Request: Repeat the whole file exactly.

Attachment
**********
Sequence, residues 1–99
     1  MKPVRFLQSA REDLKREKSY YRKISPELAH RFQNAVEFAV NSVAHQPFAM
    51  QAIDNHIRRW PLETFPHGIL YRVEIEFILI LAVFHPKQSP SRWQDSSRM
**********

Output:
Sequence, residues 1–99
     1  MKPVRFLQSA REDLKREKSY YRKISPELAH RFQNAVEFAV NSVAHQPFAM
    51  QAIDNHIRRW PLETFPHGIL YRVEIEFILI LAVFHPKQSP SRWQDSSRM